Residents look to put brakes on parking plan
by Shane Miller
Apr 03, 2013 | 2190 views | 0 0 comments | 8 8 recommendations | email to a friend | print
Rory Lancman joined Pomonok Houses residents last week to protest a plan to raise parking rates at NYCHA complexes throughout the city.
Rory Lancman joined Pomonok Houses residents last week to protest a plan to raise parking rates at NYCHA complexes throughout the city.
Living in public housing may be affordable, but parking there is about to get a lot more expensive.

Residents of Pomonok Houses in Flushing last week criticized a new proposal by the New York City Housing Authority (NYCHA) to raise parking rates at all of the city's NYCHA-run complexes to make up for cuts in federal funding.

Currently, the New York City Housing Authority has two types of parking facilities: reserved parking, where spaces are assigned to a renter and the annual fee is $340 or $272 for handicapped individuals and seniors; and non-reserved parking, where renters can park anywhere and there are no assigned spots. The fee for that parking permit is $75, or $60 for the handicapped and seniors.

NYCHA is in the process of converting all of its non-reserved lots into reserved lots, forcing individuals who want to park on NYCHA property or in NYCHA-operated lots to pay the higher fee for a reserved spot. The conversion will become official once the parking spots can be re-painted with a number.

“This change was discussed as part of Plan NYCHA, released in December 2012,” said a spokesperson for NYCHA. “Rates for residents in the converted developments will match those in existing reserved parking developments and NYCHA will enforce new rules by ticketing by police and by towing. We will continue this conversion process until all our lots are reserved spaces.”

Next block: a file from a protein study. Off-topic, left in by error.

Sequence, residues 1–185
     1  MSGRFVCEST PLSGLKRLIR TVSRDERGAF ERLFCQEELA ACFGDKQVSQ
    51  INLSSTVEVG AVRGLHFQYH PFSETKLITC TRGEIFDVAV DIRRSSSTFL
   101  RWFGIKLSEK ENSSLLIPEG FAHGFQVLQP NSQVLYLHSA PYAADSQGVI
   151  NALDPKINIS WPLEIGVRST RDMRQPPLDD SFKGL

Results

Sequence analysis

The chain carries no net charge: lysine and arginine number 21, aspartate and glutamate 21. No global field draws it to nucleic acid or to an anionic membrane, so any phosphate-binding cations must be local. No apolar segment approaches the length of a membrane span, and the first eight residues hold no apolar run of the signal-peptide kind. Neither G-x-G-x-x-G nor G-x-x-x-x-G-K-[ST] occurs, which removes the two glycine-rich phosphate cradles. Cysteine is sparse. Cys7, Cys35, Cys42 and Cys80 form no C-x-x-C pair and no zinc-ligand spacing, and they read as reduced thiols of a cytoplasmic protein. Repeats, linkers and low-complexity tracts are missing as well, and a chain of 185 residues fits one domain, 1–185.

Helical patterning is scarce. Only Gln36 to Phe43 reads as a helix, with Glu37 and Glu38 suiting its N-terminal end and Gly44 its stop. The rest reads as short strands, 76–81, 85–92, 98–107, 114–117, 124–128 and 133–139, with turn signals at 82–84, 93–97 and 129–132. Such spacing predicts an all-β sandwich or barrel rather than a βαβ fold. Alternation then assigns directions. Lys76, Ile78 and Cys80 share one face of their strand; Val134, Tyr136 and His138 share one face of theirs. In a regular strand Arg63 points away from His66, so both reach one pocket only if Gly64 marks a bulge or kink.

But residents at Pomonok Houses say they were caught off guard by the changes, which will take effect on May 1, and that it will make it nearly impossible for residents on fixed incomes to park their cars on NYCHA property.

“Raising the cost to park in public housing over 300 percent is a slap in the face to all," said Pomonok Residents Association president Monica Corbett. "These fee increases hurt all residents, especially our seniors and fixed-income population. And why was the residents association not even consulted?"

Assemblyman Michael Simanowitz sent a letter to NYCHA Chairman John Rhea urging him to reconsider the changes to the parking program. In the case of Pomonok, he said the change would force residents to look for parking on already-crowded city streets.

"Parking is already at a premium in the community, as Pomonok is bordered by Electchester Housing, a 2,500-unit cooperative with 5,500 residents, and Queens College with a total undergraduate enrollment of over 16,000 students,” wrote Simanowitz. “The idea that our city streets will be further choked with vehicles is simply unacceptable.”

Joining Pomonok residents in protesting the hikes was former assemblyman and City Council candidate Rory Lancman, who said the housing authority should be focused on making public housing more livable, not on ways to generate revenue on the backs of residents.

"NYCHA needs to focus on fixing it's many shortcomings, from backlogged repairs to inadequate security, and not gouging residents,” he said.

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